Hyping People for Control

When writing or speaking about race, there are so many expectations by the dominant narrative regarding tone, appearance, postering, etc. As one can see in the comments, even on a website run by a Black person, there is a need to control how Black people speak about our experience. If we have any response to the demand for control, we are told that we are “crazy,” “angry,” “bitter,” or any other number of adjectives–all while we are expected to adulate those who come into Black communities and wreak havoc. Thus, the need for hyping our negative reputations stems from the overall need to see us as subhumans for others to extract resources.

There are countless examples of how we are hyped for control. Obviously, during the slave era, people needed to believe that we were violent and unruly so that slavery could be justified. However, I feel that always going back to slavery gives the emotionally immature a reason to whine about not ever owning slaves, which is why I tend to take more examples from the current eras. When Brown v. Board was decided in 1954, people were furious, and made several declarations about what would happen if Black people were allowed to be educated along within the dominant narrative. In fact, in Austin, there was a bond passed even in 2017 to further attack predominantly BIPOCQ schools while enriching West Austin schools and privatizing any schools that remained despite knowing that low schools populations were due to displacement, not a lack of interest in public schools. To counter Brown v. Board, another Supreme Court case was created to begin the process of moving Black people from areas that were desirable to the dominant narrative, and displacement began before urban renewal under the guise of making neighborhoods “more attractive,” since any place that we are not is both worth more money and more attractive.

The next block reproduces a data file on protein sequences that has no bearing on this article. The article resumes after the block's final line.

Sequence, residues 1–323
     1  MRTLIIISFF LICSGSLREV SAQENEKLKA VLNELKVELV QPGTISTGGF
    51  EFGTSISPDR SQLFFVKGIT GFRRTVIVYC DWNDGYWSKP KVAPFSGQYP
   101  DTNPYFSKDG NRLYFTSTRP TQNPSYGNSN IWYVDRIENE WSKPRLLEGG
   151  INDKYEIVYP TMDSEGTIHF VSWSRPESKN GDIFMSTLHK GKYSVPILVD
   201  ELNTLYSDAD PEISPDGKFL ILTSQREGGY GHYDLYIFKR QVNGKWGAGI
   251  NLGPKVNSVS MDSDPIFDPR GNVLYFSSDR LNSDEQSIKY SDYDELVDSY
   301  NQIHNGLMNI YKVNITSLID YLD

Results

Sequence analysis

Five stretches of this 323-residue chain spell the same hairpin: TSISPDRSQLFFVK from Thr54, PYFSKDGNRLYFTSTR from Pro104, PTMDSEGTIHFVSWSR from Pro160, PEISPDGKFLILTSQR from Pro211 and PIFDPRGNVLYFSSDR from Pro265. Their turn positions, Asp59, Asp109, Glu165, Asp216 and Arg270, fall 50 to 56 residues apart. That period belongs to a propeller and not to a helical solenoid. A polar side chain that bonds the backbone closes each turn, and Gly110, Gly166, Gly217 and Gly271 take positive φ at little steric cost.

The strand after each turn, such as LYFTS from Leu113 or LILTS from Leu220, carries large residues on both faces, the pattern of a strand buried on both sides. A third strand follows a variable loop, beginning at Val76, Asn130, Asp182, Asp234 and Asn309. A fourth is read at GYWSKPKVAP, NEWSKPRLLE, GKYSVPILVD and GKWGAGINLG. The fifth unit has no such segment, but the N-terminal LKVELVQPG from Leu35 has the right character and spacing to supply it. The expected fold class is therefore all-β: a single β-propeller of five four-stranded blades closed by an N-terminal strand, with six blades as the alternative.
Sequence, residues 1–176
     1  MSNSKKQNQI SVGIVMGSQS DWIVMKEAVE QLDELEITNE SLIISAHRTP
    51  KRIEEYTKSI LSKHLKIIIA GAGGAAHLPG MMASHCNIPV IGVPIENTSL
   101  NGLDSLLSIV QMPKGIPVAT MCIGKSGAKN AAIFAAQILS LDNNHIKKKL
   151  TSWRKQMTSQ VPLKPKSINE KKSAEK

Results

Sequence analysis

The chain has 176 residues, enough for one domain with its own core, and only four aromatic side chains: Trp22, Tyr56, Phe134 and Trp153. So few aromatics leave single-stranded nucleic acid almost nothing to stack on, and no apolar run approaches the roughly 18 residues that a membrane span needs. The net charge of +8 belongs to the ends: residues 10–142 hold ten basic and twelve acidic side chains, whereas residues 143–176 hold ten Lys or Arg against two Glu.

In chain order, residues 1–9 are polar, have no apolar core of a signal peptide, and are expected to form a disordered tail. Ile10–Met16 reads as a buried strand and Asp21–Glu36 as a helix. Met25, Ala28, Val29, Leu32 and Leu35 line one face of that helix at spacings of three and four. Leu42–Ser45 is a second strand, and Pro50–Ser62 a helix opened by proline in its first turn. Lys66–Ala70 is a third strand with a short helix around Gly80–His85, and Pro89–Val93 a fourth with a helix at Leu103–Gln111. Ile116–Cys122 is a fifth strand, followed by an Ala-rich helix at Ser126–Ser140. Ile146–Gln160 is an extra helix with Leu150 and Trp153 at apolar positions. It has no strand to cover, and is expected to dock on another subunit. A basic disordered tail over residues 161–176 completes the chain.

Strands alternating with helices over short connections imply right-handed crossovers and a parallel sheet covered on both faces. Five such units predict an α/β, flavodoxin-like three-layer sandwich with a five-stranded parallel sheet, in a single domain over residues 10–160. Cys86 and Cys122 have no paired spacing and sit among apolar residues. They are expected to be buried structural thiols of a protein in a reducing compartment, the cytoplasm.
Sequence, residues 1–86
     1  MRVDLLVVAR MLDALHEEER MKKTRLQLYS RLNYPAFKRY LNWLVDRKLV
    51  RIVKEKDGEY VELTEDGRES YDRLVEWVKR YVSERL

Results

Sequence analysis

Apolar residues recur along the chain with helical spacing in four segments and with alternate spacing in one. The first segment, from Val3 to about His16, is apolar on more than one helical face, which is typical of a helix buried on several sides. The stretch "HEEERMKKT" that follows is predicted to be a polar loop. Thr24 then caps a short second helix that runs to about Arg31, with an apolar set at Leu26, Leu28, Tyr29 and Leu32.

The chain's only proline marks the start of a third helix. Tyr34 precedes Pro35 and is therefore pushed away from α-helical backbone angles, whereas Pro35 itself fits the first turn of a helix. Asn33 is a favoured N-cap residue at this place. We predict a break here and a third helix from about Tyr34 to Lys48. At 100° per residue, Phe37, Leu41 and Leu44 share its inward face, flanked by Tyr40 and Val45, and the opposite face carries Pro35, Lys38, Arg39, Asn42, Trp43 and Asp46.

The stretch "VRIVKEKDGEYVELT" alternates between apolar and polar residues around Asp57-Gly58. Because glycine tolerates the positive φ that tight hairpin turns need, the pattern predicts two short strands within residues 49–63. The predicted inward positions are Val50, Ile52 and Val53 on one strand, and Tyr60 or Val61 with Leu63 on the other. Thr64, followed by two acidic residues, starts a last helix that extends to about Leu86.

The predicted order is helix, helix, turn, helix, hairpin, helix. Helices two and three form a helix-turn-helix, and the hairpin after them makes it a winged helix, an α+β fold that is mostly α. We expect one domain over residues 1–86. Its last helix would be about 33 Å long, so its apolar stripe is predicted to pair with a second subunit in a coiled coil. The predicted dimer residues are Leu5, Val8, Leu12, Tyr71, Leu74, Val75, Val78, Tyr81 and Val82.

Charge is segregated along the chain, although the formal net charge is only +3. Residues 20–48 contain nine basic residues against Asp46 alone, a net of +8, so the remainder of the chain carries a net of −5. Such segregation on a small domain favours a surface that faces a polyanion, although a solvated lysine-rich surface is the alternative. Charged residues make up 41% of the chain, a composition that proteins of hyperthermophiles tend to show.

One of our responses to being taken out of our communities by governments and private entities was the creation of rap music, in which we detail numerous elements of our communities while mostly posturing violence for effect–almost like standing our ground, some might say. We are constantly watched, so when rap became super popular, people used our creative response to claim that we were all violent, and this was why we needed to be controlled. These days, so many anti-Black figures froth at the bit to talk about the violence of Chicago as the reason why Black people all over the country need to be controlled, despite the constant displacement that has destroyed many Black neighborhoods in Chicago. To add insult to injury, when our music was appropriated by the dominant narrative, all of a sudden, rap became creative expression and Black people were told that we should “get over” the fact that markets approved of a different image.

People have many reasons for hyping the negative actions of Black people as a means for control within the built environment, but the main one is guilt. After all, if we are simply human beings living our boring little lives the best we can, what does that say about people who need to constantly attack us and take from us? Only now are people actually questioning the reporting on what Black people were doing to be brutalized by the police or the constant surveillance during innocuous activities–mostly by white women, the preferred recipients of affirmative action. As I have been admonished for not having solutions, this one is relatively easy: leave Black people alone, and if certain people cannot operate without depriving Black people, stop giving those people platforms. The dominant narrative refuses to acknowledge that no one asked for all of this, and as the violence continues to escalate, it will be doing its level best to keep everyone ignorant of that fact.

* Cover image taken from the Brute Caricature collection in the Jim Crow Museum at Ferris State University.

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